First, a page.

·       Invasive species make land less attractive and less productive while reducing overall property values. 
·       Invasive plants have been formally identified by the Kentucky Invasive Pest Council, a nonprofit with membership that includes state and federal agencies and universities.  The board offers a list of plants that pose threats to the Kentucky economy and natural resources. Their complete list can be found at this link:  https://www.se-eppc.org/ky/KYEPPC_2013list.pdf  Here is a list of the top species that we are currently working to eliminate from markets in Franklin County:

Asian bittersweet, Celastrus orbiculatus
Crown vetch, Coronilla varia (synonymous with Securigera varia)
English Ivy, Hedera helix
Honeysuckle Japanese, Lonicera japonica
Moneywort, Lysamachia nummularia
Periwinkle, Vinca minor
Porcelain berry, Ampelopsis brevipedunculata
Sweet autumn clematis, Clematis terniflora
Wintercreeper, Euonymus fortunei
 Wisteria floribunda, Wisteria sinensis

Dame’s Rocket, Hesperis matronalis
Lesser celandine, Ranunculus ficaria
Ox-eye daisy, Leucanthemum vulgare
Purple loosestrife, Lythrum salicaria
Star of Bethlehem, Ornithagalum umbellatum
Sweetclovers, Melilotus alba, M. officinalis

Autumn olive, Elaeagnus umbellata
Barberry Japanese, Berberis thunbergia
Bradford/Callery Pear, Pyrus calleryana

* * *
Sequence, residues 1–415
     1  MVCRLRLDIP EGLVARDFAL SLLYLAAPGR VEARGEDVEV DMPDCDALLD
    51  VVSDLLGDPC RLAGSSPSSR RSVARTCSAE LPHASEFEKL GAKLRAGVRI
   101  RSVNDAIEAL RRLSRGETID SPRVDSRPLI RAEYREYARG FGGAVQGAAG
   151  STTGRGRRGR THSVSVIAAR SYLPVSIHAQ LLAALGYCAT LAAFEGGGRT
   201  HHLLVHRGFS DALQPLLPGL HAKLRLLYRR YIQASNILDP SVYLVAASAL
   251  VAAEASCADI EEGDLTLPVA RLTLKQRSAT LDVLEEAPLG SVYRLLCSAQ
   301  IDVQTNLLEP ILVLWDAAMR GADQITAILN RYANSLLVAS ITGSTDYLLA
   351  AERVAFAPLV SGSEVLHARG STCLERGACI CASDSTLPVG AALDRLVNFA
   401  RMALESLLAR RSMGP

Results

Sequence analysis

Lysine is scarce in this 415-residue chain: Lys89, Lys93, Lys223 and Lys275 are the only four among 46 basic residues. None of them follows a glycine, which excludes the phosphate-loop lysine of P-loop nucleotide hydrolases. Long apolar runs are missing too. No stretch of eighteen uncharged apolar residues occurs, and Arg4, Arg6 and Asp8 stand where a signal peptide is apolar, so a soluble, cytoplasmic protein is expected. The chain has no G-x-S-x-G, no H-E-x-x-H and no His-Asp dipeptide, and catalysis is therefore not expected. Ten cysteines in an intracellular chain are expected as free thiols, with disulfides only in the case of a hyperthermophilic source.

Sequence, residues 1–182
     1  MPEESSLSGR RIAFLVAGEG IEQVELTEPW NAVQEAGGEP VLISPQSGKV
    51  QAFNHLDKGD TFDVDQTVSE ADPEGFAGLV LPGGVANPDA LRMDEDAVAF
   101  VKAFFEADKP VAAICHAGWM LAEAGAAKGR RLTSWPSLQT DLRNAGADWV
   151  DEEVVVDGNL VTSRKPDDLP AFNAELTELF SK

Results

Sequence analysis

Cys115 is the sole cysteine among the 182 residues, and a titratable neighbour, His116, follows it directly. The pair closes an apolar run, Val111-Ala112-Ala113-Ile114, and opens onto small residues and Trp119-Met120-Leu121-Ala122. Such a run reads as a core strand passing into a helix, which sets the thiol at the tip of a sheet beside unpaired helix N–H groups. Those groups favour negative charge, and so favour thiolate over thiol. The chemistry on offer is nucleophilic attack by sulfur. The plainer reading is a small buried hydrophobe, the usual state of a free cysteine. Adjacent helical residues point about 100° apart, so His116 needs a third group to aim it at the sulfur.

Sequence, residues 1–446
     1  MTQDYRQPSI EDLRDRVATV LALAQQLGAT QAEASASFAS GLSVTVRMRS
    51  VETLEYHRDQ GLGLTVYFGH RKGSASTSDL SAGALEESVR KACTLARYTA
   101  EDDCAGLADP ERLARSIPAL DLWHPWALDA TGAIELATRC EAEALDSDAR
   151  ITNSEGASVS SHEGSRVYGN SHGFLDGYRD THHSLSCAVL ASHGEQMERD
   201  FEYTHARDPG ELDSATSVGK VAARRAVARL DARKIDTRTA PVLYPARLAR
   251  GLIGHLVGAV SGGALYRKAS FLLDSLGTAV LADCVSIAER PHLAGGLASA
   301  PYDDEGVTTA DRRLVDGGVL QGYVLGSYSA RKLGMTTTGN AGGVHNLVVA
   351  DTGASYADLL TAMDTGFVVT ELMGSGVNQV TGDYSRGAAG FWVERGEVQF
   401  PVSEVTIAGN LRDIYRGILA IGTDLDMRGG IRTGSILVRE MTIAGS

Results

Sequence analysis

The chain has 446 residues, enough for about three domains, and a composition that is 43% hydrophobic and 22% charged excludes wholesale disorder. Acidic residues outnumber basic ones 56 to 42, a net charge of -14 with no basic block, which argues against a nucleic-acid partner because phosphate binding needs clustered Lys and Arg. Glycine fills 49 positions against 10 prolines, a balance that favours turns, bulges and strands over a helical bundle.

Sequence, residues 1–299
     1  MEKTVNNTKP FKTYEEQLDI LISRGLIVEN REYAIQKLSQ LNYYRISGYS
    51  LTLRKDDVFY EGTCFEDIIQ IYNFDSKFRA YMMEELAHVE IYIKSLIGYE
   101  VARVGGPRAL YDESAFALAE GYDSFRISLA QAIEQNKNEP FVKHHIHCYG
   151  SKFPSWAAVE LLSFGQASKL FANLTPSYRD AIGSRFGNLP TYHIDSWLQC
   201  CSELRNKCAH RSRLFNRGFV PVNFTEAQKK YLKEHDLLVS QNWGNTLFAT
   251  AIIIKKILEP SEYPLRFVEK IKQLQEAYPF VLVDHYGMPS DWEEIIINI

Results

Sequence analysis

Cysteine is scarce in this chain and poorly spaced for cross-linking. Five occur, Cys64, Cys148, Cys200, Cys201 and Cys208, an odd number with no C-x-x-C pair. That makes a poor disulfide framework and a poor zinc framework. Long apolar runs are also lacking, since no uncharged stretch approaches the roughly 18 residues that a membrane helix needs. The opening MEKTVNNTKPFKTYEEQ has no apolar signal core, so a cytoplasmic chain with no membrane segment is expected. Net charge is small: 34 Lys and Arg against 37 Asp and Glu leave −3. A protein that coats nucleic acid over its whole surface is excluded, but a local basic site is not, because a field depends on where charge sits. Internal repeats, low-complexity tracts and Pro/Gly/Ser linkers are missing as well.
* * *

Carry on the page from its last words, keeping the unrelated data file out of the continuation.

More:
Buckthorn, Rhamnus cathartica, Rhamnus frangula
Burning Bush, Euonymus alatus
Bush honeysuckles, Lonicera maackii, L. morrowii  L. tartarica, L. standishii, L. fragrantissima
Butterfly Bush, Buddleja davidii
Chinese Holly, Ilex cornuta
Golden Raintree, Koelreuteria paniculate
Heavenly bamboo, Nandina domestica
Japanese barberry, Berberis thunbergii
Japanese spiraea, Spiraea japonica
Mimosa, Alibizia julibrissin
Norway maple, Acer platanoides
Princess tree, Paulownia tomentosa
Privet, Ligustrum sinense, L.vulgare

Giant Reed, Arundo donax
Maiden grass/ Chinese silver grass, Miscanthus sinensis

RIP is also soliciting letters from area businesses, including nurseries, that support a ban on the sale of invasive plants.  These letters should be addressed “To whom it may concern” as they might be used in a future statewide effort to ban the sale of invasive plants.

RIP (Remove Invasives Partnership) of Franklin County was formed in 2017 to protect the local ecosystem by removing invasive pest plants and educating and inspiring the public to remove invasive plants.   Since then, RIP has conducted 18 workshops involving nearly 200 people that have educated the public while improving East Frankfort Park, Dolly Graham Park, Cove Springs Park, Lakeview Park, Liberty Hall, Melodye Park, and areas in Peaks Mill as well as select private properties.  For questions or more information visit www.ripfc.net or contact Chris Schimmoeller at c.schimmoeller@gmail.com or 502-226-5751.

Friday 30 Oct 2020 – East Frankfort Park Workday

WWLT has scheduled an invasives workday at
East Frankfort Park
Fri 30 Oct
9 am-noon

1.) please let them know if you will attend: info@woodsandwaterstrust.org

2.) wear masks, bring loppers, handsaws, work gloves and your own water / snacks.